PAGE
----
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Thursday, May 30, 2013

HOW CHANGE MANAGEMENT IS DONE Part 1: Introduction

Despite decades of research on change management, almost 70 percent of organizational change efforts fail. John Kotter, Harvard professor and change management guru, says they fail because organizations don’t take the holistic approach required to achieve and maintain change.

In his effort to increase the success of change initiatives, Kotter devised 8-Steps for Leading Change, a set of tactics tailored to eight critical stages in the change process. For presentation in this blog, we've divided them into two groups: Planning and Implementation.  
Kotter’s eight steps are:
     1) Establish a sense of urgency
     2) Form a guiding coalition
     3) Create a vision
     4) Communicate the vision

     •  Empower others
     •  Plan for and create short-term wins
     •  Consolidate improvements and produce more change
     •  Institutionalize new approaches

These eight steps provide clear directions on the “what,” but fall a little short on the “how.”

That’s where change initiatives derail. While most senior executives realize learning is critical to achieving meaningful change, many don’t realize it takes more than a few classroom or online training sessions to achieve the level of learning necessary to make the difference between success and failure. That’s where HR comes in.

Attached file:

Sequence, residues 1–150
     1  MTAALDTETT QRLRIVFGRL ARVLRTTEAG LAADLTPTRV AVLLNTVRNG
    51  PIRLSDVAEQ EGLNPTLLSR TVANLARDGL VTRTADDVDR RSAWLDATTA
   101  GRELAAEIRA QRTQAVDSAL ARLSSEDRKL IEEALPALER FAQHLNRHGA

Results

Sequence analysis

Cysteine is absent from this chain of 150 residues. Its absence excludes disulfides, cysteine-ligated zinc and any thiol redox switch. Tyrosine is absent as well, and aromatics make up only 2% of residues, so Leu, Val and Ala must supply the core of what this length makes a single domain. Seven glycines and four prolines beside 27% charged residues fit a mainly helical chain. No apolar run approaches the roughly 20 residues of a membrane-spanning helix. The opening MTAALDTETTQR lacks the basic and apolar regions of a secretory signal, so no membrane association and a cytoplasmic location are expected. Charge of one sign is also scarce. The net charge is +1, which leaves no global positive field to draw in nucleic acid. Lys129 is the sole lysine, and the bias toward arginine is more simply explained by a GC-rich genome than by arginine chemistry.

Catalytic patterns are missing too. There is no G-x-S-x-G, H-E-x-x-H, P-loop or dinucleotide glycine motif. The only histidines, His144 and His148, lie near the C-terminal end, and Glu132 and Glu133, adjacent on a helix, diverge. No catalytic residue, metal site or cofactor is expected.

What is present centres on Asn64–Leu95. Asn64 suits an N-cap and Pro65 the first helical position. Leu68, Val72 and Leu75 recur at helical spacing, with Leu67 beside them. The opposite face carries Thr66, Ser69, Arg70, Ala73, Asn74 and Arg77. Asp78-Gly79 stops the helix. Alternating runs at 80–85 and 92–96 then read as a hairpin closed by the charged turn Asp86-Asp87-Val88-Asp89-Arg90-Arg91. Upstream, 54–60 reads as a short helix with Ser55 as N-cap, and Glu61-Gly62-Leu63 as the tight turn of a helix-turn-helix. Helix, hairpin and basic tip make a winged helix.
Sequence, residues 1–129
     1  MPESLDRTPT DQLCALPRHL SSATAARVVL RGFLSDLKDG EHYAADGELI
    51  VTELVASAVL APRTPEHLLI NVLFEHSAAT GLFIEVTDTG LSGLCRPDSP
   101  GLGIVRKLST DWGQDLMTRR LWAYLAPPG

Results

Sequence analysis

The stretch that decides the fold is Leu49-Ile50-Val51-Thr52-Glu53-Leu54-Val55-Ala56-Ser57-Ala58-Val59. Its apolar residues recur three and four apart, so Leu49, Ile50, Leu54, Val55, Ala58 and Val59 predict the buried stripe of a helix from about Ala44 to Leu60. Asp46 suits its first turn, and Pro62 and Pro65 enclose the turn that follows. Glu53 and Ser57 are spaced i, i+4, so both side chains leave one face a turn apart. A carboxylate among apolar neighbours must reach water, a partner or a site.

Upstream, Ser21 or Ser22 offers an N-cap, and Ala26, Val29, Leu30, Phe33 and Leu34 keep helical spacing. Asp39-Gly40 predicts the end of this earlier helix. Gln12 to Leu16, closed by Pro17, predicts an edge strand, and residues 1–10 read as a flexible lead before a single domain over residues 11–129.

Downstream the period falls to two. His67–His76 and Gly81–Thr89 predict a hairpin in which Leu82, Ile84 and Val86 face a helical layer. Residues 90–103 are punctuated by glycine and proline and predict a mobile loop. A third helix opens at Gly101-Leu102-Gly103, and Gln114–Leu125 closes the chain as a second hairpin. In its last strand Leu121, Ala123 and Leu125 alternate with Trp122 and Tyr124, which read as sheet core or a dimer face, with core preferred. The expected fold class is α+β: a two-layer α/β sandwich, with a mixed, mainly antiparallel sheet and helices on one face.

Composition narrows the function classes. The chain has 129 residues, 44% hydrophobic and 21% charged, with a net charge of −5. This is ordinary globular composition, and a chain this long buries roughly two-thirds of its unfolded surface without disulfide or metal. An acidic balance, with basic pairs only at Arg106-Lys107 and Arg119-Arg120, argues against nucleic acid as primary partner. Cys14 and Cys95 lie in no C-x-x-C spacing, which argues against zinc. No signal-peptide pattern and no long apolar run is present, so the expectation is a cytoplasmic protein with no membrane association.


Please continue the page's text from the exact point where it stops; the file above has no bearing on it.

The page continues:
Front-line training professionals responsible for the learning behind any change initiative know that true change can only be achieved through a process of targeted learning that does two things:

     1. Sells the desired change to the people who have to make it happen

     2. Teaches those people (and gets them to adopt) the new behaviors required to make the change happen

Following Kotter’s eight steps, the remaining two posts in the series contain some proven tactics and tools HR professionals can use to create targeted learning that supports holistic change, giving your organization’s next change initiative a higher chance of success.

Below are links to all three posts in this series:




Please share your insights and questions by posting comments to this blog. For more information on change management, please visit our website at www.discoverylearning.com, or email us info@discoverylearning.com.

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This post was extracted from an article by Sue Kennedy, Chris Musselwhite, and Tammie Plouffe, originally published in Training magazine (Lakewood Media Group).

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